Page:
Reader Bee and the Story Tree
With fun activities and stories, this app is great for independent and adult supported learning. Carefully designed to teach effectively, it uses a novel approach to introducing letters and words to young learners and constantly reinforces past learning.
Adorning the title page of Reader Bee and the Story Tree is a set of emblems showing some of the awards that have been presented to it. After some time using this app it is clear that they are well deserved – and indeed this app demands you spend quite a bit of time with it, as it has considerably more staying power than many other apps.
A well designed and educationally sound method of taking children through the learning of letters, spelling and reading teaches, while delightful sound, stories and pictures entertain. Every instruction and other necessary text are clearly narrated in the app and so children can happily engage with it for some independent learning. Of course, this does not preclude an adult supporting them through it as well. A simple profile for each user can be created to allow for a number of children to use this app. This makes it ideal for teachers to use in the classroom.
The steps towards learning begin with tapping an arrangement of pictures and hearing their contents read out. These are referred to as daisies with each petal holding a picture whose name begins with a consonant. The centre is the same, except it begins with a vowel. An emphasis is placed on the initial letter when it is read out to help children understand how it is used in words. To aid in letter recognition and to develop letter formation skills, children are shown how to form the letter and then they trace it themselves. Finally (for this step) they drag an animated letter, called a Wizding, to the picture that has it as an initial. After this is done for each section of the daisy, the next stage begins.
Now the letters are used to form words. Children are shown a word and then they type it using the letters they have already worked with. Another, much longer, stage follows this: a story. These are so beautifully illustrated and animated that together they could have formed an app by themselves. The stories use the newly introduced words within them and they are highlighted to continue to reinforce the learning.
Finally, children are challenged to spell as many words as they can in a limited time using the letters introduced so far within the app - not just for the current daisy. Indeed this is where the app’s surprising depth and longevity comes in because this whole process is repeated again for each vowel and another group of consonants until all of the letters of the alphabet have been taught.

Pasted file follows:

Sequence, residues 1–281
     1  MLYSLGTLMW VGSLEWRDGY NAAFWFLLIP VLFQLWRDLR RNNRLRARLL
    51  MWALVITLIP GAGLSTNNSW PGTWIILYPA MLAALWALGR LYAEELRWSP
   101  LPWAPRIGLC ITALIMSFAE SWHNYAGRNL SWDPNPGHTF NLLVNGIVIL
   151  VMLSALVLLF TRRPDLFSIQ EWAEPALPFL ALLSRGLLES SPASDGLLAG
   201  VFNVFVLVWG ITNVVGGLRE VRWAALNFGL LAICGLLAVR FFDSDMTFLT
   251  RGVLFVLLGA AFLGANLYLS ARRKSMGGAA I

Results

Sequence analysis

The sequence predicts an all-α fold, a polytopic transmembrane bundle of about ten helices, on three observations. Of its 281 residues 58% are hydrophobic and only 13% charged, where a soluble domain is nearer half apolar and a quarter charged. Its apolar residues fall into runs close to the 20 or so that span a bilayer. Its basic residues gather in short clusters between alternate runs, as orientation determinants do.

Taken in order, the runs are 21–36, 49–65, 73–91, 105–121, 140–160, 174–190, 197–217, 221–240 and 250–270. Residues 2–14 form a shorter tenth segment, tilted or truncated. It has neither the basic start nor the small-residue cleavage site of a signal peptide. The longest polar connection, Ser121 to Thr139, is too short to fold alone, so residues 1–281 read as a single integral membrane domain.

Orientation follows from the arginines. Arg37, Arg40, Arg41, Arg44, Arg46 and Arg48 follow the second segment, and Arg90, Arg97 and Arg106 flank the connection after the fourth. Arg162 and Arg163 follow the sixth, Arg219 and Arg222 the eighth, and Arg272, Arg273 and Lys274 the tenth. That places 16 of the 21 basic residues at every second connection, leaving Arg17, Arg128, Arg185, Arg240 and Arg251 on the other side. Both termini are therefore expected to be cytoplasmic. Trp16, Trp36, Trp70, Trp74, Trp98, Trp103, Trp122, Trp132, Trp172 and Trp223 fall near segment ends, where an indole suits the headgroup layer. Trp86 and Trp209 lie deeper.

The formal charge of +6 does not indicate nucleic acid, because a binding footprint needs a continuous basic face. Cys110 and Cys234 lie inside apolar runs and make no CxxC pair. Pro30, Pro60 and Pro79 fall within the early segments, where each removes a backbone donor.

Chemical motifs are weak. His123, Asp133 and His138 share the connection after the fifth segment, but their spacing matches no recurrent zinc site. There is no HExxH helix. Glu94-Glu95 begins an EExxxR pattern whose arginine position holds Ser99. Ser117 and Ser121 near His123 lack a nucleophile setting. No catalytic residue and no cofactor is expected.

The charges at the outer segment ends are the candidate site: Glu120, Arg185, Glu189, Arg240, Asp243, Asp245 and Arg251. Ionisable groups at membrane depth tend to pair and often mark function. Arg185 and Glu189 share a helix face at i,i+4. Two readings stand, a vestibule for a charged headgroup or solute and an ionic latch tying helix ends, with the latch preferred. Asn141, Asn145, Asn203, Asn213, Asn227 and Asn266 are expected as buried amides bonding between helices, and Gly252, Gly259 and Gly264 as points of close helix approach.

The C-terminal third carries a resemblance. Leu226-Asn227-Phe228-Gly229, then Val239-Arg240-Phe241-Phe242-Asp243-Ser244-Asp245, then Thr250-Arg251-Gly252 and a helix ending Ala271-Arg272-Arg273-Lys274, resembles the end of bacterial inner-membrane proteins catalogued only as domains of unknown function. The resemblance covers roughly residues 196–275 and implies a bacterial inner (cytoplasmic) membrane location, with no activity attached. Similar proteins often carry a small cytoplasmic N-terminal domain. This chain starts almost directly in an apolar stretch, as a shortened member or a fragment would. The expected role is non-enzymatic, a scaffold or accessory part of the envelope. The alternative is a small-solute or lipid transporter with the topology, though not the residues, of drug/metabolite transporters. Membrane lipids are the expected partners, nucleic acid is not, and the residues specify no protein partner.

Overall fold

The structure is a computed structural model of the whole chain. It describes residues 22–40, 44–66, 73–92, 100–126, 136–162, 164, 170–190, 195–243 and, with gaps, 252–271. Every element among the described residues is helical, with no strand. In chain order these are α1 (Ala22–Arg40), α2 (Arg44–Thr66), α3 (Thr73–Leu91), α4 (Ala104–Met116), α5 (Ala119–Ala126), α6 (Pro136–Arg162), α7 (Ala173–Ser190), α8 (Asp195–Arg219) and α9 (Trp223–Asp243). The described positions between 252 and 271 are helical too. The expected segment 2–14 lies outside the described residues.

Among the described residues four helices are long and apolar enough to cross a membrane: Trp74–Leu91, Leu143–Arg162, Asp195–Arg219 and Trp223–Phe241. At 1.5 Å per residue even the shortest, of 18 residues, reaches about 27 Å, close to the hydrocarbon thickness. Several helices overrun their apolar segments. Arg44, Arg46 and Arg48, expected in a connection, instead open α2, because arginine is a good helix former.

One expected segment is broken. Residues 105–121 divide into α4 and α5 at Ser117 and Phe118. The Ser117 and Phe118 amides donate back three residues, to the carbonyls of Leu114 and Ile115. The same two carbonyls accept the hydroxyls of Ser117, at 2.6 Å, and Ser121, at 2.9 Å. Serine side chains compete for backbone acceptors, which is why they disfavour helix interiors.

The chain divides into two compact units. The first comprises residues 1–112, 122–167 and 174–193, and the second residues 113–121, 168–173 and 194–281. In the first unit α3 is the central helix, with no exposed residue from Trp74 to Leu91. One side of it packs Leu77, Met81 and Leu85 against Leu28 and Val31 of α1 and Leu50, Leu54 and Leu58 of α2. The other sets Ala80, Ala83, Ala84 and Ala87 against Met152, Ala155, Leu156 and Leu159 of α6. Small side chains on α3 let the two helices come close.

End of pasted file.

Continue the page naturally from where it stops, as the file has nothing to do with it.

One improvement for the app would be to use a broader dictionary for its spelling games. While, most words are recognised, there are gaps such as the word ‘ear’. This use of ‘ea’ is not focussed on in the app but it seems unfair to tell children, who may know it, that it is not a word, particularly when ‘pea’ is accepted. This is a minor oversight, however, that in most cases is unlikely to be noticed.
The app goes the extra mile to help parents too. In the parental section, advice is given on how children are taught at school, how to assist their child’s learning, both within the app and away from it, and this is taken further in the developer’s active and useful social media. There are few apps with such consistently high production values, even fewer with such care taken over their educational value and those that are, are rarely priced as keenly as this one. Superb.
From the Developer
Winner of six major awards including the Children’s Technology Review Editor’s Choice Award, 2014. Every game in Reader Bee works together to create the golden “aha” moment when letters become words, words become stories and your child becomes a reader. Learning to read with this app is a joy.
Kids get just the right information at the right time for their growing brains to take in sounds and shapes of letters. Working with six consonants around one vowel in a simple arrangement called a daisy gives them a physical experience of the vowel’s special place in words. They learn it with their ears and with their fingers as well as with their eyes – a dynamic combination that research shows creates strong neural connections. With just that one daisy kids can make real words. When you add the rest of the daisies, they have the whole alphabet at their fingertips. And now you can view their progress in the app on the progress screen.
About the Children’s Technology Review Editor’s Choice Award, 2014: “given to only the highest quality children’s products in the interactive media category. These are 'no fail' products…able to keep children engaged for days at a time.”
2015 Mom’s Choice Award®
2014 National Parenting Center Seal of Approval
2014 Dr. 100 Best Toys (not just apps!)
2014 Dr. Toy 10 Best Technology Toys for Children
2014 National Parenting Publications Silver Winner
AgesToddler Apps (0-3 Years)
Reception/Preschool Apps (3-5 Years)
Primary School Apps (5-7 Years)